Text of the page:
Posted on 19-09-2010
Filed Under (TRENDS) by Shombit

The Indian EXPRESS/ The Financial EXPRESS article

Why do brands fail to engage the below-30 Digital Zap generation? Making all business decisions today, Compromise (30 to 45 years) and Retro (above 45) generations continue to drive 20th century culture in the 21st century. So last century’s advertisement style does not connect to Zappers. Using new media does not make much sense if the content is not relevant to Zappers.

Although the century gap is a real phenomenon, it seems to have passed by certain daily usage global brands—brands like Heinz ketchup, Coca Cola, Cadbury’s, Mr Clean, Colgate, Evian and Laughing Cow. They may have very good quarter-to-quarter results, but do they keep up with the breakthrough trends the 21st century’s Digital Zap is dazzling us with? The brands can argue that they are sustaining some old values, but do the disruptive Digital Zappers connect to them?

Eight socio-behavioural clusters: Historically, social stratification, from feudal agrarian to socio-economic classification, followed an evolutionary process. But socio-behavioural clusters that defy all predictable segmentation parameters is the revolutionary way of researching into people’s attitudes, behaviour and aspiration in the 21st century. We have studied this phenomenon every year for the last 10 years and find they are common to the three generations.

In all three generational groups, there exist all eight behavioural clusters—Low Key, Value Seeker, Sober, Flamboyant, Critical, Novelty Seeker, Techy and Gizmo Lover. Digital Zappers supremely influence everything, so connecting to them is crucial for the future. The Compromise generation tries hard to follow Zappers in being trendy but doesn’t quite get there. The Retro generation is generally “stiff.”

Is income a factor for audience segmentation? For any business, if you follow the traditional socio-economic stratification of customers, you will not go far today. That’s because the eight socio-behavioural clusters are prevalent across all age groups and generations, all income groups and across all countries. Income is no longer a key factor for purchase of mass products.

The world is moving towards a situation where, at any price point, there has to be cost, quality and aspiration in the selling proposition. Today, even low cost products have trendy aspects. Expensive luxury brands that low income groups cannot afford should not be advertised in mass areas.

Every brand cannot attract every socio-behaviour cluster. For a brand to address all the eight socio behavioural clusters, it requires a huge magnifying glass. It has to unearth the customer behavioural clusters and drive strategic planning accordingly. There will be immense pressure from low cost trendy brands that every one finds affordable. Nike, for example, would connect to the Critical, Flamboyant, Novelty Seeker, Techy and Gizmo lovers. On the other hand, Nivea and Nokia, would address the Sober, Low key, Value Seeker clusters. But the strategy that Swatch watch has created in the West has been so brilliant that it enviably touches all behavioural clusters.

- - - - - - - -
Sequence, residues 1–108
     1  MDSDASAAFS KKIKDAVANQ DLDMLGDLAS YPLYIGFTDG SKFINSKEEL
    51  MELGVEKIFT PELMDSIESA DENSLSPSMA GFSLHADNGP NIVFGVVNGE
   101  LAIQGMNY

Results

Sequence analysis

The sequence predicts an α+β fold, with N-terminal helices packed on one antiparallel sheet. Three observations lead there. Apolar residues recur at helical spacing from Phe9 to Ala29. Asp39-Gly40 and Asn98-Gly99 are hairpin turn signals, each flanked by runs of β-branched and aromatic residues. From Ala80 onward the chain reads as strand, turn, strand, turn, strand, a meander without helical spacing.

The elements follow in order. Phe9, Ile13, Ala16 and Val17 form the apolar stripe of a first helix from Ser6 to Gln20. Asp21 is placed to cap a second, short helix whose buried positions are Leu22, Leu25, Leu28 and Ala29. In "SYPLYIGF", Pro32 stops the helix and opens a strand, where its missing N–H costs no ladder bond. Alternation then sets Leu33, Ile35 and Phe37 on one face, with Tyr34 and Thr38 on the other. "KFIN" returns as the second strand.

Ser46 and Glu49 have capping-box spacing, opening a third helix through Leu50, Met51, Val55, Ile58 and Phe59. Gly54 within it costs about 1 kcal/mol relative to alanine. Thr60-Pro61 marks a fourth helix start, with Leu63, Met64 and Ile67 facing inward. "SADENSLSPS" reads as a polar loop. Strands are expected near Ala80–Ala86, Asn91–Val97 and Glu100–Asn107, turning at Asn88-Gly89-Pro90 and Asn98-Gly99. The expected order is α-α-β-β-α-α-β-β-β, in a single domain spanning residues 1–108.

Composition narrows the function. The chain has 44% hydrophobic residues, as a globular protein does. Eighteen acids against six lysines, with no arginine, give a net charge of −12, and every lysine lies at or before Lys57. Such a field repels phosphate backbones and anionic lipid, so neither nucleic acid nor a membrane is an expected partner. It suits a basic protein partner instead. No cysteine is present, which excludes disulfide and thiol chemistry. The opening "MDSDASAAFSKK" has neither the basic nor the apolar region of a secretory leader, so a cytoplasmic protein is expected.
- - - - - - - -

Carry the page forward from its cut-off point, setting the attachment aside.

Bulldozing per capital consumption: In developed countries, the consuming base is small, so customers are bulldozed for an increase in per capita consumption. Just look at how many types of product benefits are being offered in the food industry—from functional food to low salt, low fat, organic, sugar free etc. Does this not confuse the customer?

It is amazing that when technology is changing so fast, there is an absolute paucity in creative thinking in the digital world. Digitalisation is commoditising every aspect of business. Look at flat television sets, DVD players and microwave ovens, all brands look the same. These industries suffer from lack of differentiation because the manufacturer’s Compromise and Retro thinking process is not connected to the Zappers’ thinking.

Nightmare of how to penetrate the market: The over-riding phenomenon in developing countries is how to achieve penetration for a product. As the population in these countries is large but the infrastructure poor, the nightmare is how to reach people in remote places. Another challenge is catering to the vast cultural differences of customers.

In India, from one joint family structure there are now seven different living conditions— there are bachelors living alone, young couples, nuclear family with children, either with only the husband working or both husband and wife working, the joint and neo-joint families and retired couples. Family size cues the quantity and size of the product, clarifies stock keeping unit size for efficient supply chain management, indicates the price band and sharpens the inventory. It gives an idea of what products to bundle as special offers, helps to maximise space at the retail as per the catchment requirement, and provides high proximity to different family size buyers and the retailer.

Experiential product research that delves into the psycho-socio-behavioural context gives the socio-behavioural dimension. I have often seen researchers go to the market for validation with structured preparation. So, before the customers even start talking, they have already established what they want to find. This is not right. With a global mind frame, we need to achieve local proximity to deliver extra benefit. Research cannot be like the wheat pasta dough that you can put in a machine to get a variety of different shapes of pasta or noodles as per your expectation.

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